Implement Process Improvement Using These 4 Steps

Implement Process Improvement Using These 4 Steps

Implementing improvements in your business processes have huge benefits in both time and money.

As a business owner or manager, you know the importance of streamlining your processes. As your business grows, you will face challenges as you stack customers with unique needs and hire more employees to take on higher volumes. While it seems like a daunting task, implementing process improvement can help you save time and money while improving the quality of your product or services. Fortunately, there are some simple steps you can take to get started. Let's look at simple steps to help start your process improvement journey.

Download Implement Process Improvement Using These 4 Steps

Step 1: Identify Areas of Improvement

The first step in any process improvement project is identifying areas that need improvement. There are functions in your business that inherently operate smoothly and others that require too many steps leading to breakage risks. It could be as simple as customer service ticketing to complex internal operational processes. First, look for current processes that don't seem very efficient because fixing those will lead to the most immediate lift. Once you've identified potential areas of improvement, it's time to move on to the next step.

Out of 20 companies surveyed, 55% had returns of $100,000 - $500,000 from business process management improvements made.


Step 2: Processes Visualization

Once you have identified potential areas of improvement, it's time to take a closer look. Most experts consider process visualization as the best place to start. Start by documenting each step of the process and any related inputs and outputs (e.g., data points). Consider using a Business Process Modeling (BPM) tool because it makes it easier to spot bottlenecks and opportunities for considerable process improvement. You can easily identify the pain points as soon as you have an overview of your current business processes. Don't forget to involve key stakeholders such as customers and employees throughout this step – their input can be invaluable when making decisions about process improvements!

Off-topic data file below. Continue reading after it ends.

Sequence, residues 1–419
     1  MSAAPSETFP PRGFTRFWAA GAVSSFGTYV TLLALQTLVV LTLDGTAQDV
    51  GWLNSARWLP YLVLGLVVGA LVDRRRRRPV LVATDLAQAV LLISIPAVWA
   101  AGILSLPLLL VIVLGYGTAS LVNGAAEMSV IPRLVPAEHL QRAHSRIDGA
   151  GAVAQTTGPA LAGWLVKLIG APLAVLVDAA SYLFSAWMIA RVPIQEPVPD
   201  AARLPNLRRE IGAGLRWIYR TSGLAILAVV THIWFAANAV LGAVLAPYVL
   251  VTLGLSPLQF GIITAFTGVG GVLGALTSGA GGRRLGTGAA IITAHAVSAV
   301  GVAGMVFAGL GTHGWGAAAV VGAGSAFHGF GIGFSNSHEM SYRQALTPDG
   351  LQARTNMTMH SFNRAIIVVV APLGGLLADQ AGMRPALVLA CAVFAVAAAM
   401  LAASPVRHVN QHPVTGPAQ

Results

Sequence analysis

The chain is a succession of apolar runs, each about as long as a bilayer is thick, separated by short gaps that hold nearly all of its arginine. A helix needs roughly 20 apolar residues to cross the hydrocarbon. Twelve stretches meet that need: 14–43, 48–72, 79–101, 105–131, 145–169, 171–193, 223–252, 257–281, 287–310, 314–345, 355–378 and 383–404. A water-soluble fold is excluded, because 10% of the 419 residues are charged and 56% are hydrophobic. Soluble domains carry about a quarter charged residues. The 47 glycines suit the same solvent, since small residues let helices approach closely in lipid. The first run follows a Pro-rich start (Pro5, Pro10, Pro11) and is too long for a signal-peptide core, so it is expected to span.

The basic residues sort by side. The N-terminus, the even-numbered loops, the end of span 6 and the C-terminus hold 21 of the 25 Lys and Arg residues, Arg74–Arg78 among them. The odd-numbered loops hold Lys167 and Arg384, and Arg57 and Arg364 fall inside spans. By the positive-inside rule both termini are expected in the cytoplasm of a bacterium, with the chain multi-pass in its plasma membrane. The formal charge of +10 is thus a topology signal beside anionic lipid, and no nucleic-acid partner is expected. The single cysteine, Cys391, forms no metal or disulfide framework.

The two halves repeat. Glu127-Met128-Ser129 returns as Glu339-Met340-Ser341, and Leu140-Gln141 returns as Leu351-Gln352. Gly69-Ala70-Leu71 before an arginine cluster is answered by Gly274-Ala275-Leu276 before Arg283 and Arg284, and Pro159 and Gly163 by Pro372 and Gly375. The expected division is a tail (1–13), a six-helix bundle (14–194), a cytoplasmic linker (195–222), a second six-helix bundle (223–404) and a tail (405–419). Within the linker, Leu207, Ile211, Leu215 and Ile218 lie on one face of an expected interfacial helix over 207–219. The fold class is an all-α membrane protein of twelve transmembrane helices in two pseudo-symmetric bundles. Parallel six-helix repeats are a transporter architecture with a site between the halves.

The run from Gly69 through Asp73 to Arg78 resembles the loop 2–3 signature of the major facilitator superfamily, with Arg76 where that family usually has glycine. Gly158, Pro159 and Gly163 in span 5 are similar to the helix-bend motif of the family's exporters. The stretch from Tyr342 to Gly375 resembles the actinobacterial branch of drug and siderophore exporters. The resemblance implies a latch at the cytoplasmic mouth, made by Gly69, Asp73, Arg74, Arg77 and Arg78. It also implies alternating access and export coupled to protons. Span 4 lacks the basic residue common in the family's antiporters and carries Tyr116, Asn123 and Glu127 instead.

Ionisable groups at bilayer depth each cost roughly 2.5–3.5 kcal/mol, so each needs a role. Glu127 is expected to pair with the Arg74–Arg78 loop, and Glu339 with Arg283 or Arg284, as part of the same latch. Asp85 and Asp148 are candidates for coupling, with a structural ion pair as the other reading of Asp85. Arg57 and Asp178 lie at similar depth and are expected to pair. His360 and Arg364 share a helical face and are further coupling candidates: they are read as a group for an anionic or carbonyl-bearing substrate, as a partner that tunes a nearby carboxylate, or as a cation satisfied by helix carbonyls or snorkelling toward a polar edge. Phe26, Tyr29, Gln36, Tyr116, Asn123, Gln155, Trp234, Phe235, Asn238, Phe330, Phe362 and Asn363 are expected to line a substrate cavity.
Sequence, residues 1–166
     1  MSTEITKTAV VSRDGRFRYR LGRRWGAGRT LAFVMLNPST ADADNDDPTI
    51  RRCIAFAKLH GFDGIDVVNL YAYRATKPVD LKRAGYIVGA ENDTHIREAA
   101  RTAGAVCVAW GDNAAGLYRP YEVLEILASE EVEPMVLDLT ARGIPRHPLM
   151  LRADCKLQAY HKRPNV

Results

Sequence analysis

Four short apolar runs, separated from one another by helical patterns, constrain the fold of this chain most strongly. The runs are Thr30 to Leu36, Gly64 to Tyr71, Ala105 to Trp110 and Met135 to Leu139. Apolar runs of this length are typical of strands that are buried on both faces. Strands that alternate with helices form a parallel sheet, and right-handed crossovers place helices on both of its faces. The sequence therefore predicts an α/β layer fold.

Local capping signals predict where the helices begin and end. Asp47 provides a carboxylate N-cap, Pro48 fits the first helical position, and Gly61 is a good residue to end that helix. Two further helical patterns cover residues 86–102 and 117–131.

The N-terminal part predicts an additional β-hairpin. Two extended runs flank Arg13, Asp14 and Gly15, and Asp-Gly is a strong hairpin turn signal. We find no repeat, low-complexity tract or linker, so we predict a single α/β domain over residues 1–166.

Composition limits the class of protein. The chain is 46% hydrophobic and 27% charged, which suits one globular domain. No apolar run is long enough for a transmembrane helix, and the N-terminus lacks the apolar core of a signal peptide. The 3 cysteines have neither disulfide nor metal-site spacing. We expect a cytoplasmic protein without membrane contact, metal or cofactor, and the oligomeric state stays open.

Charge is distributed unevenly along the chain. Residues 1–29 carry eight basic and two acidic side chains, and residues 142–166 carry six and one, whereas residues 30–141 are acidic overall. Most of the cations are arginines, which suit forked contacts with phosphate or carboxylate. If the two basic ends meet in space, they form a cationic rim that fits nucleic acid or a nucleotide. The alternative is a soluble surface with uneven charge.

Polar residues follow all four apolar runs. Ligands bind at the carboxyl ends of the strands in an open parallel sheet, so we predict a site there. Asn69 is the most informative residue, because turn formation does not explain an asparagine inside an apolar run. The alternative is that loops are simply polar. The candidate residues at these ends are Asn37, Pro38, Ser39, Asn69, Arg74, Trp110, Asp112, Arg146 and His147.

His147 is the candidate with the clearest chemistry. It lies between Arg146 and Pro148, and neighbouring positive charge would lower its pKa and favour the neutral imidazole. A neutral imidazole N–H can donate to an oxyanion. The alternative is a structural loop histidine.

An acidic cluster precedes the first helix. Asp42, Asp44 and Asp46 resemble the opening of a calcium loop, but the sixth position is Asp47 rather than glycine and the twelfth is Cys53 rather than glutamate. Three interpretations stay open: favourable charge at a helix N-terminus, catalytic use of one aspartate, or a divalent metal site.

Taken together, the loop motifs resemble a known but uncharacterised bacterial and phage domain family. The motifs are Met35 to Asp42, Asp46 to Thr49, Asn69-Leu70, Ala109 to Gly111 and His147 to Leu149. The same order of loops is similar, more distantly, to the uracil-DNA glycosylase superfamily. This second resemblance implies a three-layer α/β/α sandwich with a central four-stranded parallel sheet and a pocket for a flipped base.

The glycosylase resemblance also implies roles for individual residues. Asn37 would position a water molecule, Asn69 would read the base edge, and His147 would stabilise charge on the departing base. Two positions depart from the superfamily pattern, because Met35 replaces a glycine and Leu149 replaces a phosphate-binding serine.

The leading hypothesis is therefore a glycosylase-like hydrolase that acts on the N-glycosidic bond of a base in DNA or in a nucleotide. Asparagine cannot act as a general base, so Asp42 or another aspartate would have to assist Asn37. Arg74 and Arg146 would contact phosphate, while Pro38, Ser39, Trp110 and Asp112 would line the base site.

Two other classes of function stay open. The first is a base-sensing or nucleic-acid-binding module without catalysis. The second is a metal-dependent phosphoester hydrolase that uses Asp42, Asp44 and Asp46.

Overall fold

In 60% of jobs, one-third of the tasks required by employees could be automated.


Step 3: Develop New Processes

Now that you've analyzed your current processes and identified opportunities for improvement, it's time to start developing new ones! There are a few different approaches you can take here. The most important thing is whatever changes you make should result in measurable improvements in efficiency or quality (or both!). Some examples include simplifying complex tasks, automating manual processes with low-code technology, eliminating unnecessary steps, or combining different tasks into one streamlined process. Involve relevant stakeholders during this stage so everyone is on board with changes before implementation.

Low-code application platforms can help users build custom software solutions 10x faster than traditional software development.


Step 4: Test & Implement Changes

Once your new processes are developed, it's time to test them out! Ideally, it would be best if you did this in a controlled environment before rolling out changes across your entire organization, helping ensure that potential issues are addressed before implementation begins in earnest. For example, roll out the new process on a segment of your portfolio and conduct a champion challenge. Give it a reasonable time frame and measure the outcome of your new process against your old process. After reviewing test results and making necessary modifications, it's time to implement the changes across your organization and start realizing the benefits of process improvement!  

According to Gartner, 95% of BPM initiatives are successful.



Process improvement doesn't have to be an overwhelming task if approached using these four simple steps. Remember that you don't have to map every single process out. Focus on the parts of your business that are inefficient or areas where you anticipate growth first. Once you improve processes in one area and see the benefits, with some planning and preparation, businesses can reap great rewards from taking advantage of improvements without disrupting operations.